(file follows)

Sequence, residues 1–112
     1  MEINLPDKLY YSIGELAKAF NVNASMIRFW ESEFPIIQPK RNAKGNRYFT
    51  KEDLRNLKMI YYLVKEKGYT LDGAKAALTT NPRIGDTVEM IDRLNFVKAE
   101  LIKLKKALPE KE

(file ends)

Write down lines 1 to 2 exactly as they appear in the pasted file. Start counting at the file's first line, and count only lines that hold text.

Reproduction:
Sequence, residues 1–112
     1  MEINLPDKLY YSIGELAKAF NVNASMIRFW ESEFPIIQPK RNAKGNRYFT